Ben Ainslie, winner of four Olympic medals, three of them Gold, will hold a media conference on Tuesday 10 June at 10.00am local time, to announce his plans post 2012.
The announcement will be made at the Royal Festival Hall, London and will be carried live on Sail-World. The announcement is scheduled to run for 30-40 minutes.
Ainslie is expected to announce his sailing direction beyond the 2012 Olympics, in which he has been nominated to represent Britain in the Heavyweight Singlehander (Finn) class.
An America's Cup campaign, believed to be emanating from Britain is expected. Had it involved another a team from another country the announcement would probably not have been made in UK.
The question then remains as to who the team backers will be, with front runners being a rejuvenated effort from Sir Keith Mills, who previously backed the Team Origin effort. Or, whether a new player, such as Sir Richard Branson, with the various Virgin brands, could be involved.
The third option is that Ainslie could be starting his own team, and could be joined by long-time tactician Iain Percy. Ainslie is expected to retire from Finn sailing after the 2012 Olympics, and Percy's class, the two man Star keelboat will be dropped for the 2016 Olympics. But to further complicate matters, Percy has been sailing with Challenger of Record Artemis Racing.
However the prospect of a sailor led team is an intriguing one for the British, who don't seem to lack for bankable sailing stars, but do seem to lack the ability to get a viable and winning America's Cup campaign up and running.
The only issue that Ainslie would face with a sailor led team is money. But his experiences with Emirates Team NZ as a tune-up helmsman in the 2007 Defence may have given him some insights as to how a professional team can be run, as opposed to the billionaire backed model.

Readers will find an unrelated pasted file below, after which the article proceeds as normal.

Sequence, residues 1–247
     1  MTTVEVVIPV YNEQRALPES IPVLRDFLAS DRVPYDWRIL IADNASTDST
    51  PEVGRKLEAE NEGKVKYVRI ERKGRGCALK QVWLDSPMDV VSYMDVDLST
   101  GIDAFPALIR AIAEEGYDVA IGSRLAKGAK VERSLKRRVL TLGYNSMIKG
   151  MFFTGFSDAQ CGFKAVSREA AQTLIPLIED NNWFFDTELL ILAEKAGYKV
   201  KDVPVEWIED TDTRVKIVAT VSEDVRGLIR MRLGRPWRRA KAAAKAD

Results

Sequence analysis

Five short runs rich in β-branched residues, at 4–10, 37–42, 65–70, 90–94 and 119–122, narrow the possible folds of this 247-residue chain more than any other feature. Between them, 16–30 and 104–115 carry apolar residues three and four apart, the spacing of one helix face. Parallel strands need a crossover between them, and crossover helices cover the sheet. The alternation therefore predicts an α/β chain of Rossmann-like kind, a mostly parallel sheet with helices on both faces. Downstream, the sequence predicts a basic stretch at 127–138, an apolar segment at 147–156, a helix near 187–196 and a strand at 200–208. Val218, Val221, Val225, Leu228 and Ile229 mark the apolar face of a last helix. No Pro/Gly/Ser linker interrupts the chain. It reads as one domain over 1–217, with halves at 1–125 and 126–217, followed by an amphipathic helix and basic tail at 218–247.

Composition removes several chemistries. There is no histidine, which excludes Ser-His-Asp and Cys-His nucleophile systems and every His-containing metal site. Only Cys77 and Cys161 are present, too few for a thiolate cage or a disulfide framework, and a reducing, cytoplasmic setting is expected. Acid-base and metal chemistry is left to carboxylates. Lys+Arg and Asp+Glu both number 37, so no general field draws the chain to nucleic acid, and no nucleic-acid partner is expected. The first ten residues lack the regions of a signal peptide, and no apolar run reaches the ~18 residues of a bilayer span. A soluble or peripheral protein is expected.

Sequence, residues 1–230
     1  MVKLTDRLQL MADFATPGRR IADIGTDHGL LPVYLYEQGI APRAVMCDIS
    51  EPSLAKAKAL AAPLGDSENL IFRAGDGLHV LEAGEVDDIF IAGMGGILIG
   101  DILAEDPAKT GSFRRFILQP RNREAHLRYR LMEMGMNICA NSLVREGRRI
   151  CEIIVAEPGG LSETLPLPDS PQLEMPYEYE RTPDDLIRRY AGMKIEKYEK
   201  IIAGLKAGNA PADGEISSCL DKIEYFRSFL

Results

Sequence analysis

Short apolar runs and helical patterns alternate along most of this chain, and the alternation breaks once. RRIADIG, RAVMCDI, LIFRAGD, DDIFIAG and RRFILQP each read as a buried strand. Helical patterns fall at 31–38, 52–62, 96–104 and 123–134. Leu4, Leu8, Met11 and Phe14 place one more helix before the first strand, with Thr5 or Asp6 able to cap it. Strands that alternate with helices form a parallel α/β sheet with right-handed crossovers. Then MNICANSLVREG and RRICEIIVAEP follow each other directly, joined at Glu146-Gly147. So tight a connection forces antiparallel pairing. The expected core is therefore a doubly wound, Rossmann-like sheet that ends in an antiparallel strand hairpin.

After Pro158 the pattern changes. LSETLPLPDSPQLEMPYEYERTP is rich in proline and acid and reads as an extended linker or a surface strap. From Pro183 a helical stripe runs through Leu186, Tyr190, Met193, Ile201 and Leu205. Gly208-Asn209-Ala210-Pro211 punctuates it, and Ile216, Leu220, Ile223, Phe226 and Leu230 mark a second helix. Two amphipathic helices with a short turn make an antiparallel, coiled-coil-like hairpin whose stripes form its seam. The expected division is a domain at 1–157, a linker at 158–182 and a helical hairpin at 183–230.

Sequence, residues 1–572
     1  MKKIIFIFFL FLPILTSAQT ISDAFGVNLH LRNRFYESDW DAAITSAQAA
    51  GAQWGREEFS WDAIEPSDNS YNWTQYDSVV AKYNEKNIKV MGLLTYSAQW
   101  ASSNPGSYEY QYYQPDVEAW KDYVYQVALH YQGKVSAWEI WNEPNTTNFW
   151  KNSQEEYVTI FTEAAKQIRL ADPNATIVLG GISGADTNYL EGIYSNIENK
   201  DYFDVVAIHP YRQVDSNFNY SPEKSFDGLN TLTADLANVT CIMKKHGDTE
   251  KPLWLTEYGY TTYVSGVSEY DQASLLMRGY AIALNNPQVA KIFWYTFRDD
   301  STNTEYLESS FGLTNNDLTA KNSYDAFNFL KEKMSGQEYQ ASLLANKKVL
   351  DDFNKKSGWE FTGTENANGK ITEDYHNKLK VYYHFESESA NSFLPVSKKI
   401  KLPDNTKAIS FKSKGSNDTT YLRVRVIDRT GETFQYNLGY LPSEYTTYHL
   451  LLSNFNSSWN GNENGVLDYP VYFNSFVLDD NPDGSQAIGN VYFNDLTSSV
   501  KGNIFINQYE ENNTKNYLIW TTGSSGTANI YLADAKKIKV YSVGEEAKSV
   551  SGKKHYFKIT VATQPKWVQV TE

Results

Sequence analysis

Given the timing, it is believed to be unlikely that an AC72 effort would be slated for the 2013 America's Cup, however with the restructured competition an entry in the America's Cup World Series involving a single AC45 is more of a possibility.
Such a program would build a lower level platform from which a full America's Cup program could be built for the 35th America's Cup and would provide a basis on which to attract sponsors on a lower level on investment, than for a full-blown America's Cup program.
In a media discussion, just prior to Christmas, America's Cup Regatta Director, Iain Murray said that they couldn't build AC45's fast enough, and they expected to have 12 boats sailing at the next event in Naples, Italy, and by mid-year there should be 13 AC45's racing. 'We expect to have nine teams sailing in Naples,' he said. 'Three of those team will have two boats each,' he added.
'We are committed to building boats 15 and 16. We can't build them quickly enough. Unfortunately we can't get boat 15 to Naples in time for the next round of the America's Cup World Series.'
The intriguing point with that comment, is where all the AC45's are going? Unless there are new teams coming into the World Series.
Luna Rossa announced that they will be entering the America's Cup and have confirmed that they will be launching an AC45 in Auckland and sailing that as part of a partnership arrangement with Emirates Team NZ, who have imported their AC45 back to Auckland. That accounts for just one of the new AC45's.
Nine teams are currently entered being Team China, Emirates Team NZ, Aleph (FRA), Energy Team (FRA), Artemis (SWE), Green Comm Racing (ESP), Team Korea, Luna Rossa (ITA) and Oracle Racing (USA). Currently only Oracle Racing have more than one AC45.
The press conference will start at approximately 1000 GMT on Tuesday 10 Jan and will run for 30-45 minutes. Once the press conference is over, a replay will be looped for 24 hours.